tsetse fly


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Related to tsetse fly: tsetse fly disease

tsetse fly

(tsĕt`sē), name for any of several bloodsucking African fliesfly,
name commonly used for any of a variety of winged insects, but properly restricted to members of the order Diptera, the true flies, which includes the housefly, gnat, midge, mosquito, and tsetse fly.
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 of the genus Glossina, and in the same family as the houseflyhousefly,
common name of the fly Musca domestica, found in most parts of the world. The housefly, a scavenger, does not bite living animals but is dangerous because it carries bacteria and protozoans that cause many serious diseases, e.g.
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. The larva of the tsetse fly develops inside the body of the mother until it is ready to pupate in the soil. A number of the 21 species can transmit to humans the trypanosomes that cause the Gambian and Rhodesian forms of African sleeping sickness (see trypanosomiasistrypanosomiasis
, infectious disease caused by a protozoan organism, the trypanosome, which exists as a parasite in the blood of a number of vertebrate hosts. The three variations of the disease that predominate in humans are transmitted by an insect vector.
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). The tsetse fly also carries the trypanosomes that cause nagana and other diseases of wild and domestic animals. Clearing the brush that the flies inhabit helps to get rid of them; DDTDDT
or 2,2-bis(p-chlorophenyl)-1,1,1,-trichloroethane, chlorinated hydrocarbon compound used as an insecticide. First introduced during the 1940s, it killed insects that spread disease and fed on crops, and Swiss scientist Paul Müller was awarded the 1948 Nobel Prize
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 has also been used to exterminate them, and sterilized male flies have been released to control fly reproduction. Tsetse flies are classified in the phylum ArthropodaArthropoda
[Gr.,=jointed feet], largest and most diverse animal phylum. The arthropods include crustaceans, insects, centipedes, millipedes, spiders, scorpions, and the extinct trilobites.
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, class Insecta, order Diptera, family Muscidae. See insectinsect,
invertebrate animal of the class Insecta of the phylum Arthropoda. Like other arthropods, an insect has a hard outer covering, or exoskeleton, a segmented body, and jointed legs. Adult insects typically have wings and are the only flying invertebrates.
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.

tsetse fly

[′set‚sē ‚flī]
(invertebrate zoology)
Any of various South African muscoid flies of the genus Glossina; medically important as vectors of sleeping sickness or trypanosomiasis.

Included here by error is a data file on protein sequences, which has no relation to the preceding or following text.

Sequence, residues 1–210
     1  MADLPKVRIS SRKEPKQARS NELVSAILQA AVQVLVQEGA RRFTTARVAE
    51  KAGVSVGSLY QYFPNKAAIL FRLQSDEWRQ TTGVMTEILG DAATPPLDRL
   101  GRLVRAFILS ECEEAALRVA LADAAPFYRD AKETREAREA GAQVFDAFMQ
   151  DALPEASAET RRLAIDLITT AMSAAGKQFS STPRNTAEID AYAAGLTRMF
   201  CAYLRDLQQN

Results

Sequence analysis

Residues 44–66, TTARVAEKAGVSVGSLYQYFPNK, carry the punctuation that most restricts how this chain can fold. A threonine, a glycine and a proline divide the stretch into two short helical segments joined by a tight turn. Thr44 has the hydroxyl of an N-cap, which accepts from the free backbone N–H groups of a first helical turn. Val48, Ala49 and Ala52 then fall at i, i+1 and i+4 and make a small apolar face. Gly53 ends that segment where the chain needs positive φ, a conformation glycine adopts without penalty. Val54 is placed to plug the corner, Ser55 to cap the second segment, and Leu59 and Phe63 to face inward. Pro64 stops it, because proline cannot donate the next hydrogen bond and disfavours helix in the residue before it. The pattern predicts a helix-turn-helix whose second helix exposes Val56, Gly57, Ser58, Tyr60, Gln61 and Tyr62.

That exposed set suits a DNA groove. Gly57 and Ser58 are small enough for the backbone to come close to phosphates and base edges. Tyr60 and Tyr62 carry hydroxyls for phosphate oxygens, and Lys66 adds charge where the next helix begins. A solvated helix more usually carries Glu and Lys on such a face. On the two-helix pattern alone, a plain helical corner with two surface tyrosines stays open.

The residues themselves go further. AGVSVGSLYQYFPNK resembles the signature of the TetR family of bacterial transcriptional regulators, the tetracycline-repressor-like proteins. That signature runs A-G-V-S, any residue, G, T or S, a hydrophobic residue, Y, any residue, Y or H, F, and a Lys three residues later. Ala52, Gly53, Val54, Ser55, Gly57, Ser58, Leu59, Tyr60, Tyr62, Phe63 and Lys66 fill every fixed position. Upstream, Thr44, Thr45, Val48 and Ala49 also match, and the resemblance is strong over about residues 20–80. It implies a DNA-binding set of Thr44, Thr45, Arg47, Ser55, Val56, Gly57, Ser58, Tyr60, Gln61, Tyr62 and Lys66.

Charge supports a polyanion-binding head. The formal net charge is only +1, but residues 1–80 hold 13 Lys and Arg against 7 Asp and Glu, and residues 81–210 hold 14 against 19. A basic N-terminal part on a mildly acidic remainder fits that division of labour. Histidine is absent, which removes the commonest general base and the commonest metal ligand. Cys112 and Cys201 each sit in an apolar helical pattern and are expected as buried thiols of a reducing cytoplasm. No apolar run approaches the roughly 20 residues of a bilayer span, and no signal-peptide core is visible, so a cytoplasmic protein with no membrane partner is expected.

tsetse fly

, tzetze fly
any of various bloodsucking African dipterous flies of the genus Glossina, which transmit the pathogens of various diseases: family Muscidae
References in periodicals archive ?
This implies that all solutions of the human and tsetse fly population are contained in the region D and are nonnegative; this guarantees that the positive invariant region for system (6) exists and is given by
As there is no prophylactic vaccine or drug, therefore prevention and control mainly depends upon decreasing the reservoir; searching for, isolating and treating patients with the disease; controlling the tsetse fly vector by traps or screens, usage of insecticides and insect repellents, avoiding contact with bushes, wearing long sleeved shirts and paints.
Before I get to the tsetse fly, let me briefly review the relationship between sickle hemoglobin and malaria, which is often used to explain heterozygous advantage.
Principles of Area-wide integrated tsetse fly control using the sterile insect technique.
East African sleeping sickness is caused by Trypanosoma brucei rhodesiense and is transmitted by the bite of the tsetse fly (genus Glossina morsitans)[1].
Trypanosoma brucei, the causative agent of African sleeping sickness (African trypanosomiasais), is a single celled eukaryotic pathogen which uses the tsetse fly as its insect vector.
Both are transmitted by the bite of the tsetse fly only found in Africa and described as a gray-brown insect about the size of a honeybee.
He gave a history of multiple tsetse fly bites but did not have a chancre.
The latest grant to the School of Tropical Medicine from the Gates Foundation follows on from pounds 25.45m (EUR50m) received in 2005, and another pounds 2.04m (EUR4m) for research into the tsetse fly.
A ZIMBABWE, like many African / countries, was plagued by tsetse fly which spreads potentially fatal sleeping sickness in humans and a similar disease in cattle.